The reusable, non-washable mask is made of a type of polypropylene, a plastic used in surgical masks, and could be safely worn and handled multiple times without being decontaminated, Rubino said.

The idea is to replace surgical masks often worn by health-care workers who must dispose of them in a few hours, she said, adding the technology could potentially be used for N-95 respirators.

The salt-coated mask is expected to be available commercially next year after regulatory approval. It could also be used to stop the spread of other infectious illnesses, such as influenza, Rubino said.

Dr. Catherine Clase, an epidemiologist and associate professor of medicine at McMaster University in Hamilton, said the “exciting” technology would have multiple benefits.

Clase, who is a member of the Centre of Excellence in Protective Equipment and Materials in the engineering department at McMaster, said there wasn’t much research in personal protective equipment when Rubino began her work.

“It’s going to decrease the footprint for making and distributing and then disposing of every mask,” she said, adding that the mask could also address any supply issues.

The Public Health Agency of Canada recently recommended homemade masks consist of at least three layers, with a middle, removable layer constructed from a non-woven, washable polypropylene fabric to improve filtration.

Conor Ruzycki, an aerosol scientist in the University of Alberta’s mechanical engineering department, said Rubino’s innovation adds to more recent research on masks as COVID-19 cases rise and shortages of face coverings in the health-care system could again become a problem.

Ruzycki, who works in a lab to evaluate infiltration efficiencies of different materials for masks and respirators, is also a member of a physician-led Alberta group Masks4Canada, which is calling for stricter pandemic measures, including a provincewide policy on mandatory masks.

This report by The Canadian Press was first published Nov. 24, 2020.

Camille Bains, The Canadian Press

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Alberta

Alberta nurses reject government’s call to delay bargaining for new deal

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EDMONTON — Alberta’s nurses union says the province’s health delivery agency has rejected a call for a settlement similar to one reached with nurses in Saskatchewan that would have provided stability during the COVID-19 pandemic.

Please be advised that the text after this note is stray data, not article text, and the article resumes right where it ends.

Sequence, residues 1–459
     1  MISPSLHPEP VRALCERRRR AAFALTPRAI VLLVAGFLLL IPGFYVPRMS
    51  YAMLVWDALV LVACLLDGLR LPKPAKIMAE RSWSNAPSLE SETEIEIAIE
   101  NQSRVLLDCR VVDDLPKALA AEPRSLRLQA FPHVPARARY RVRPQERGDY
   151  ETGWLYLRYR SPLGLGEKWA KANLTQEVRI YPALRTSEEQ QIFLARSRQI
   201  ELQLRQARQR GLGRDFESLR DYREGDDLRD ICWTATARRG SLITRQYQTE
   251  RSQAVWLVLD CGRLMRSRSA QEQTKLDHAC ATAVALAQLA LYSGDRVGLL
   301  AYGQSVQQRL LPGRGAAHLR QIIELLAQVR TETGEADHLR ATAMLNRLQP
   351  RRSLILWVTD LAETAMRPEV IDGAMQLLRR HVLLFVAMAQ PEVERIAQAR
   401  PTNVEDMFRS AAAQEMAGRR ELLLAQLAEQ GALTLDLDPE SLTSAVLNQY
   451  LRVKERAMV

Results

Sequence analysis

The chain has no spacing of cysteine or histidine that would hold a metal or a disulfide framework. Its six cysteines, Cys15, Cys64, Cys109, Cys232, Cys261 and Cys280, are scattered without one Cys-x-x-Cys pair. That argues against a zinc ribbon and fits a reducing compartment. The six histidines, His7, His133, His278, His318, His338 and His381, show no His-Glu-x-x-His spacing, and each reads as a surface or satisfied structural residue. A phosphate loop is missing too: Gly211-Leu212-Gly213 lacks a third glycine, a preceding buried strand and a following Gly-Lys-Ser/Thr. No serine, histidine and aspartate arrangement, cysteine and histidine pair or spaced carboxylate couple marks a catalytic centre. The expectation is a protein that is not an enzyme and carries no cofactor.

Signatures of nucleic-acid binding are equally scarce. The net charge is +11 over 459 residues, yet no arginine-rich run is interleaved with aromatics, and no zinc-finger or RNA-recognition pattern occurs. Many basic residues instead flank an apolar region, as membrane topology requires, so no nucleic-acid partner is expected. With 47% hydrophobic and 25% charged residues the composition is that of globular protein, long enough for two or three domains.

United Nurses of Alberta says in a news release it called on Alberta Health Services to quickly negotiate a contract “in order to achieve labour peace, stabilize the Alberta workforce, and focus on responding to the pandemic.”

But the union says AHS negotiators wanted to delay bargaining, a demand it says it rejected because the agency refused to halt the elimination nursing positions through attrition during COVID-19 and wouldn’t promise to end rollbacks when negotiations resume.

Finance Minister Travis Toews said in a news release Monday that the union was seeking a seven per cent pay increase, and that both sides had been negotiating a delay in bargaining until March 31 due to the increasing demands of COVID-19.

The Saskatchewan Association of Health Organizations said earlier Monday that it had reached agreements with its nurses, although details weren’t being released until the deals are ratified by both sides.

Toews says that Alberta’s nurses are compensated approximately 8.1 per cent more than their western Canadian peers.

“I am disappointed that a deal could not be reached — delaying bargaining would have provided much needed stability for the health-care system as we continue to focus on the pandemic and keeping Albertans safe,” the minister said in the government’s release.

UNA president Heather Smith said in the union’s news release that the negotiations team couldn’t agree to pause negotiations until March 31, and that the next scheduled bargaining dates are Dec. 14 and 15.

“Clearly AHS and this government are more intent on pursing their agenda of rollbacks and reducing the workforce, even during a pandemic, than assuring a stable workforce to respond to the needs of Albertans,” she said.

This report by The Canadian Press was first published Nov. 23, 2020.

The Canadian Press

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november, 2020